full maturity in its decision-making and cognitive processes in the prefrontal cortex: 25-30.

Making the age of consent 25 to 30 would just be… be… PRUDISH! Because then men couldn’t go around ogling SexxxyHott Teens anymore, and that’s just wrong. Who gives a shit if their brains aren’t fully developed yet, and they’d be making much different decisions at 25 than at 18?

But no, that’s not exploitative at all. Just because they aren’t capable enough decision makers to even rent a car doesn’t mean they’re not ready to rent out their bodies to scuzzy dudes, right? No resemblance whatsoever to taking advantage of an already oppressed population’s age-related biological impairment to sexually titillate males and put money in pimps’ pockets. Because the sex industry becomes safe when a girl turns 18, especially if we make it completely legal.

Point is, you can see just how specious the pro-prostitution camp’s arguments are when you put them in the context of any other crime, but especially when you put it in the context of child pornography and age of consent. By saying an age of consent is necessary, and legalizing chid porn wil not make it safe for chidren, they are implicitly admitting that there’s something there that people need to be protected from until they can make their own legal choice to fuck themselves up by getting involved with it, after which point they’re fair game for whatever exploitation scam some dude wants to pull. They are also admitting that the abuses in the sex industry are not caused by any kind of “underground” status, but as an essential part of its nature. None of them will say that lowering the age of consent to 15 would make it safe for 15 year olds to be prostitutes and eliminate the abuses in the illegal child sex industry, because that’s stupid; none of them believe that, and I imagine very few could even keep a straight face while making such a statement. So why does it apply at 18? The brain is only incrementally more developed, and won’t fully mature for at least another 7 years, so where’s the major difference other than in the squick factor?

Hint: there is no difference. It’s just a hollow, empty, pre-rehearsed set of statements that speak volumes about the mindsets of the people using them to defend their favorite form of institutionalized misogyny and human commodification. But to our soundbite culture, it sure does sound sparkly, and that’s pretty much all that counts: if you can’t dazzle them with brilliance, baffle them with bullshit.

Posted in Feminism, Sex Industry, Studies | Tagged: , , , , | Leave a Comment »

It’s Hard, Literally, Out Here for a Male Pro-Porn Feminist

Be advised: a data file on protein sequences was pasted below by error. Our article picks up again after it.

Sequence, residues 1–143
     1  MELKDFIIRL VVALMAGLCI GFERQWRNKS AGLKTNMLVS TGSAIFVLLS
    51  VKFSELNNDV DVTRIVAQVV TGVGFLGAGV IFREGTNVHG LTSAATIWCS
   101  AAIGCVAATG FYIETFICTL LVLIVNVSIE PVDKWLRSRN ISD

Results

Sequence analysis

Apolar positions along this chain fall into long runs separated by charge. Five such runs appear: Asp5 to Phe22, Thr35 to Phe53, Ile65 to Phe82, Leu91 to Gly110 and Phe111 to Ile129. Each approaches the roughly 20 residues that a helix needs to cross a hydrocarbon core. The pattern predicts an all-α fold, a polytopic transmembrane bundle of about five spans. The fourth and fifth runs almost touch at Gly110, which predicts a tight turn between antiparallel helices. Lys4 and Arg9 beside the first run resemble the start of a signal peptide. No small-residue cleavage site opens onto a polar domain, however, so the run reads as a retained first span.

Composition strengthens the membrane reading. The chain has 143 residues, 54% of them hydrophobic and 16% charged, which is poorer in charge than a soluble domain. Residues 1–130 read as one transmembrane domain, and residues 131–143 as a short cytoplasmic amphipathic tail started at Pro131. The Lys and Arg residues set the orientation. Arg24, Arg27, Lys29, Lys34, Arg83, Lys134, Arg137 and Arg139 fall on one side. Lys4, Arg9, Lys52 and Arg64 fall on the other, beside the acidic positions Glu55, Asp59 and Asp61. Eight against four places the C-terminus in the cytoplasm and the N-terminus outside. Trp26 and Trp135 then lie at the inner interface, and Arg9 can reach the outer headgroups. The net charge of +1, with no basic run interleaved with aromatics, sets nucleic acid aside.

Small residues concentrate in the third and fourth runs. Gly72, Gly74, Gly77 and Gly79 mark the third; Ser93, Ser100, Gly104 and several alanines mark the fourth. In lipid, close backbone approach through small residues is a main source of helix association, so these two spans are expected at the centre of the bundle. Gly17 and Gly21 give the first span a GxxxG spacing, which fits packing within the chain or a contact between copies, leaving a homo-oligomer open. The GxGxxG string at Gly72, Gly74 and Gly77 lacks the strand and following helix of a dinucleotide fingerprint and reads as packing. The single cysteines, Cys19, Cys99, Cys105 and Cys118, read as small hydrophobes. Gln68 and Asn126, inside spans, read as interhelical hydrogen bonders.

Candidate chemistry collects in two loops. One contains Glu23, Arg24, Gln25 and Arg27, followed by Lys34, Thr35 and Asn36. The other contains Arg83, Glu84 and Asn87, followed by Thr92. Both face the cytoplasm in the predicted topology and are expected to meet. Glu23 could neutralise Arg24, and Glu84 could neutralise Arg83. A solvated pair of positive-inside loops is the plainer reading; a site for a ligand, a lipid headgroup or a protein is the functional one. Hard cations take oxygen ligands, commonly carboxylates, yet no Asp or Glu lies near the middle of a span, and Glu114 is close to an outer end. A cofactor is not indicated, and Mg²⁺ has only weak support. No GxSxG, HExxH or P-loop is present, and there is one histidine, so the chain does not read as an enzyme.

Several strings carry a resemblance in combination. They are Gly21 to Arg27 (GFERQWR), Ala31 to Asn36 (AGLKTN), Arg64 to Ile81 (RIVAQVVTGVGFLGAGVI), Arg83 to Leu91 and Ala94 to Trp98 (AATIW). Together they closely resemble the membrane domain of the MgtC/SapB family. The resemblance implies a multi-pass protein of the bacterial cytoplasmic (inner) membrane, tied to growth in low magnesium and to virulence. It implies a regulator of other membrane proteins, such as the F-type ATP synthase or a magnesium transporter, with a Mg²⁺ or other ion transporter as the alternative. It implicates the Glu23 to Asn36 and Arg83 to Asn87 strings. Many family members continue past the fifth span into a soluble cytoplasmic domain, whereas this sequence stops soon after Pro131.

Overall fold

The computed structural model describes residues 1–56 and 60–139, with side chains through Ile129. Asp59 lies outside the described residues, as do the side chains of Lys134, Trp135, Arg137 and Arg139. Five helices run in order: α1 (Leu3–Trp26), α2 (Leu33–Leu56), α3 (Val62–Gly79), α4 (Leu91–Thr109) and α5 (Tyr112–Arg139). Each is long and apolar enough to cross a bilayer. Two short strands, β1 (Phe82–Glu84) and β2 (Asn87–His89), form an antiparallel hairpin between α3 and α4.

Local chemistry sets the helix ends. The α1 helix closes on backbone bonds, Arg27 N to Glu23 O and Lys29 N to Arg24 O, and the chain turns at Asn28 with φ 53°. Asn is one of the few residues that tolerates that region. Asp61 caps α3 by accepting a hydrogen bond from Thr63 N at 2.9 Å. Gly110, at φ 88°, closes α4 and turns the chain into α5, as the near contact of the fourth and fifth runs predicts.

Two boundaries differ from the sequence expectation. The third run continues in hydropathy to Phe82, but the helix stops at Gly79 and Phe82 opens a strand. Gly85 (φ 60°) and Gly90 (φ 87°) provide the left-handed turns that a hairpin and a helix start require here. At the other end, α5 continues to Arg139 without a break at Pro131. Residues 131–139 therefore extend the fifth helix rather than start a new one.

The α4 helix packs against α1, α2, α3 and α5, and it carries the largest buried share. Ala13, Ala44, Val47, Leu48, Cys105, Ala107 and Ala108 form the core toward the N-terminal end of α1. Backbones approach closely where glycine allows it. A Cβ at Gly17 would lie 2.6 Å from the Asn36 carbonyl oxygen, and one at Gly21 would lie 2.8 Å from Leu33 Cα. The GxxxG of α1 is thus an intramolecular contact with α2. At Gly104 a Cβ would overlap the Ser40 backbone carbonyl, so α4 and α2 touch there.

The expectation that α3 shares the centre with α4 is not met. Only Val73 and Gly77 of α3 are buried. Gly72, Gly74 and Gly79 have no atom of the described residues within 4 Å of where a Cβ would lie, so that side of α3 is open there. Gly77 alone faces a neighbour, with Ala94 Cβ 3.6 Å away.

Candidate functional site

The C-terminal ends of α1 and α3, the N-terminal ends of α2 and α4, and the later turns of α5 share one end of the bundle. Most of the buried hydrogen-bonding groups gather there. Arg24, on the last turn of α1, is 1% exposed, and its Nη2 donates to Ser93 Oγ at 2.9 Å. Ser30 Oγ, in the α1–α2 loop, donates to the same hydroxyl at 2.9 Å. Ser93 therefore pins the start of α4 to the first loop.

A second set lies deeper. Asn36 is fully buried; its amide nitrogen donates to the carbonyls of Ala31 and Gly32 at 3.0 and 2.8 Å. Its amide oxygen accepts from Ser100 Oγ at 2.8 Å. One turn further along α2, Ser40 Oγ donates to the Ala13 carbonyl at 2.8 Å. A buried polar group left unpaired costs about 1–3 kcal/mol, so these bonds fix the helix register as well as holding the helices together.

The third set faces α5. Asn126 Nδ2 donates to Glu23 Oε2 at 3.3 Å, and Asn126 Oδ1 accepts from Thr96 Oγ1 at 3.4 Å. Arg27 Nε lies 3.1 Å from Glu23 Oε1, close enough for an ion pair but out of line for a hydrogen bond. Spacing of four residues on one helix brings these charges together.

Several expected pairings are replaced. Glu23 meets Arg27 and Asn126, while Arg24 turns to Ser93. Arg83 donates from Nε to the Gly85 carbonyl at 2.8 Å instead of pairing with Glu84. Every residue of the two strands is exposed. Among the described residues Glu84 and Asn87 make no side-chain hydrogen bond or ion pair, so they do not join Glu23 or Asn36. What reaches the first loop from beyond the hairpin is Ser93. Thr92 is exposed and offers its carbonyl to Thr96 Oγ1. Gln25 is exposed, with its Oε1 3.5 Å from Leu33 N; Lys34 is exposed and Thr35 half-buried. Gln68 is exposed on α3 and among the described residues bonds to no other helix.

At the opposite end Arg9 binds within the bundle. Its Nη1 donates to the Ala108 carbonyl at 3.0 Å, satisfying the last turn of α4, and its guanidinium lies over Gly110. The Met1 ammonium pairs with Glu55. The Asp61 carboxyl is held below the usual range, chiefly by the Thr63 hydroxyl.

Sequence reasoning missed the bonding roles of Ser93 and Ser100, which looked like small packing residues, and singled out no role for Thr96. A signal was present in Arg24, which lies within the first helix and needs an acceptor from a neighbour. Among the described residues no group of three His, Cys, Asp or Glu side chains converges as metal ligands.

Posted by A birch tree on April 7, 2008

I have a question.

I consider myself a radical pro-feminist, or a member of the Feminist Movement’s Boys Auxiliary. But I have to wonder… if the pro-porn branch of Feminism somehow became the heart of the movement, what guy wouldn’t want to affiliate himself with it, outside of the extreme right-wing “women are an individual man’s property” group?

I mean, all the things most men want women to do is right there in pro-porn feminism. Let me give you some examples:

PPF Says: Women should liberate themselves sexually
Men hear: Women should be having sex with lots of dudes, including me? Rock on!

PPF Says: Women should explore the nuances of their sexual identity.
Men hear: Women, both gay and straight, should try having sex with girls and/or guys (like me) at the same time? Kick ass!

PPF Says: Women videotaping, selling, or videotaping AND selling the aforementioned sexual liberation and sexual identity nuance exploration is empowering.
Men hear: This movement is encouraging more women to make more porn for me? And shit, they might even include me? Sweet! Oh, and more whores I can bang on the cheap, who are just doing it for the empowerment and maybe not so much the cash? Double-sweet! Oh! Oh! And if I can nab one, she’ll go with me to strip clubs and is encouraged to explore the nuances of her sexual identity for empowerment by making out with the strippers while I watch? HOOYAH!

PPF Says: The root of Feminism is about sexual liberation and sexual identity.
Men hear: The root of Feminism is about sex. With me. Hand me the fucking petition already, I’m signing up!

So, since men seem to be more or less universally on board with the distinguishing tenets of Pro-Porn Feminism, why hasn’t it conquored the world yet? Is it because there are a zillion men out there who are in favor of a wage gap and against abortions?

No, not really. It’s because, sans wage gap elimination and increasing the availability of abortion, the PPFs are basically talking about the way men already believe the world is. They don’t have to change anything, except maybe refraining from calling hired sex workers “whores” in front of their PPF girlfriends. They still own the world, and womens’ bodies are still communal property, they’re still looking at women as little more than vehicles for their own sexual titilation. And hell, who could really expect them to catch the subtle difference between watching gang-bang bukkake videos while saying “This woman is obviously liberating her sexuality, and by paying to see it I am supporting her empowerment” and watching an amazingly sexist story on Fox News and saying “Those women are obviously liberating their sexuality, and byapproving of it I am supporting their empowerment”?

Especially since, when you get right down to it, there is no difference. Because, fuck, some of those women undoubtedly enjoy being treated like that! It’s their bag, yo! We need to stop being so judgemental!